Design Evolution: From Pencil & Paper to Keyboards & Hard Drives
When Snyder & Associates opened its doors in 1977, all drafting work for engineering projects was done with pencil, paper, and drafting triangles. However, as technology has evolved, so has our firm. With several design teams comprised of over 40 technicians, we regularly use Computer-Aided Design to develop plans in two- or three-dimensions so that our engineers and clients can better visualize every aspect of a project.
Going Back to the Basics of CAD
The history of Computer-Aided Design, more commonly known as CAD, closely parallels the induction of the computer. With its creation in 1957, CAD was still decades ahead of the technology and software that was readily available at that time. Therefore, pencil and paper would remain the primary way engineering and architecture designs were drafted for another 30 years. However, the groundwork was set, and CAD software would eventually become an essential tool within the engineering industry.
Advantages CAD Brings to the AEC Industry
CAD offers many advantages over its manual drawing predecessor that make it an essential tool in the Architecture, Engineering, and Construction (AEC) services industry. These advantages help our engineers and technicians in several ways, including increased efficiency, accuracy, and visualization.
The main advantage of CAD drawing is that it saves a significant amount of time. Computers can perform actions quickly and accurately, so technicians can create components without the need for exacting measurements, as they would when completing a plan by hand. CAD software is also malleable, easily edited, and provides access to functions such as copying, pasting, resizing, and other digital actions you can’t complete when planning on paper. This time savings translates directly into increased productivity and, in turn, cost savings that can be passed on to clients.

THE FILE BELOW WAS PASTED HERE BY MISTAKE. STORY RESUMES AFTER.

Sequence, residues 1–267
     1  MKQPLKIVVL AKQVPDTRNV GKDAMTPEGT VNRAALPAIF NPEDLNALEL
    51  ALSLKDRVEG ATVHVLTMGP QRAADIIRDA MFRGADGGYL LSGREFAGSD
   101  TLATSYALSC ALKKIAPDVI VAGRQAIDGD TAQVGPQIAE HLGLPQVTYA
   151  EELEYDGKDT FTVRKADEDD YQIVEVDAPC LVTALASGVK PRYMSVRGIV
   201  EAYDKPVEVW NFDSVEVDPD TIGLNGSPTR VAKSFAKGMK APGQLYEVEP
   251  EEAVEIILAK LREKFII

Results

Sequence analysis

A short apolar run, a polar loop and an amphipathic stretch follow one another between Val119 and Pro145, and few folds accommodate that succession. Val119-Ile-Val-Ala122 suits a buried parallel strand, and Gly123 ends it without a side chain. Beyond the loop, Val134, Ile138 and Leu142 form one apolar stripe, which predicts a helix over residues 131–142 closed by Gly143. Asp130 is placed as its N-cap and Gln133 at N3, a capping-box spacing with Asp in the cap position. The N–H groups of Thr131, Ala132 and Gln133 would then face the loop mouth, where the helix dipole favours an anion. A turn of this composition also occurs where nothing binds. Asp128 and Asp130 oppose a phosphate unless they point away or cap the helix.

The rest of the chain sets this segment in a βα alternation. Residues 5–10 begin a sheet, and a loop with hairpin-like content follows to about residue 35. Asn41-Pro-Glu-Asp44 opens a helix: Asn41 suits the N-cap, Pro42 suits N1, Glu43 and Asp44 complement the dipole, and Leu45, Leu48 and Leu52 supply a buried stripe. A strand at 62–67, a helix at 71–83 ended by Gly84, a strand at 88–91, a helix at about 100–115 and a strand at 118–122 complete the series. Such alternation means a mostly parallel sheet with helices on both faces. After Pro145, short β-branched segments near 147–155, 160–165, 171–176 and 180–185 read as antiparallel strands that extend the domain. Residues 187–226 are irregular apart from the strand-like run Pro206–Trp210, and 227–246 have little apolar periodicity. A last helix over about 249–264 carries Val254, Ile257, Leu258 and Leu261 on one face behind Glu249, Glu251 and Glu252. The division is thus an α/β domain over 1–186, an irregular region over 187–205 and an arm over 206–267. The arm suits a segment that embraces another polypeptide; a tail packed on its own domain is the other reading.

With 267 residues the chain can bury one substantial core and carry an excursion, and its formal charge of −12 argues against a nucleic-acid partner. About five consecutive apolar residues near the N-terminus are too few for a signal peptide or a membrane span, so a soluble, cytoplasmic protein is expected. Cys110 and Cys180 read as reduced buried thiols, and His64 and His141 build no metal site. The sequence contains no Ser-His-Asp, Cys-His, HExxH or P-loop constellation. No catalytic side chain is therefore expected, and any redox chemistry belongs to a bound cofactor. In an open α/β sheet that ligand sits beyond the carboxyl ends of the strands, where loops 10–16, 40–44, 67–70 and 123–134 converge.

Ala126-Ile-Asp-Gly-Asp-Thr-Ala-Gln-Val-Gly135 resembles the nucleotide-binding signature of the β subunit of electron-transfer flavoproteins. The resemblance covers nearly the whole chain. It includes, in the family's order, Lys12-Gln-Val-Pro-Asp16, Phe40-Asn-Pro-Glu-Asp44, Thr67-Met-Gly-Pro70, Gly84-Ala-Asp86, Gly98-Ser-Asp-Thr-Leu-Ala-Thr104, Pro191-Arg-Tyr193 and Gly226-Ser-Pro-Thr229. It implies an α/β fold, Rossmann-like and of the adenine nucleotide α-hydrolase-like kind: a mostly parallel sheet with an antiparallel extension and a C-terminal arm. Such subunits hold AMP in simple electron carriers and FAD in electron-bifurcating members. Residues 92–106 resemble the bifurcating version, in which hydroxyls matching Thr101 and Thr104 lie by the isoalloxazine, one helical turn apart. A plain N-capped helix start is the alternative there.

Due to the human element involved, manually created designs have a higher propensity for errors. This risk is nearly eliminated with CAD as the software has features and tools that are directly developed per design and drawing conventions and standards.
With interference checking and other features, our technicians can quickly inspect the drawing or element for any critical design errors. Even with these optimized features as a form of checks and balances, CAD technicians must be mindful of potential human or software errors. To remove this occurrence, the Snyder & Associates design team has established a reliable process for quality checks where one or more technicians will review the design and plans for final accuracy and overall standards.
Before CAD technology, hand-drawn designs had limited visualization impact. Now, renderings can be used to quickly create realistic images, allowing engineers to receive client feedback before a project even begins. These renderings communicate not only the look of a design but also how it fits into the built environment, how construction phases will occur, and even how traffic flows could be impacted throughout construction.
CAD Options Utilized by Our Team
At Snyder & Associates, our CAD designers work directly with project engineers to create models that are as comprehensive as possible using tools for digital design, 2D and 3D Drafting, modeling, animation, rendering, construction, and more. To create these various deliverables, we utilize three different programs to ensure the information and formatting are right for each project.
AutoDesk is an all-purpose drafting platform for 2D and 3D drawings. It was one of the original CAD programs and still stands as one of the most widely used drafting programs in the world. AutoDesk is known across the industry as the easiest system to understand and operate due to its command-based and design-oriented approach. Our team incorporates this program for most of our site development, commercial, and municipal projects due to its broad use among subcontractors and its ability to transfer and share files.
Using AutoDesk, we take initial field survey data and generate existing features as 2D and 3D models with 3D surfaces in an existing base file. This provides 3D-surfaced images that design technicians can use to lay out proposed design features in both dimensions. This base file, along with the design files, help develop the construction drawings that will be reviewed, quality checked, and approved by the project engineer before being sent to the client for review.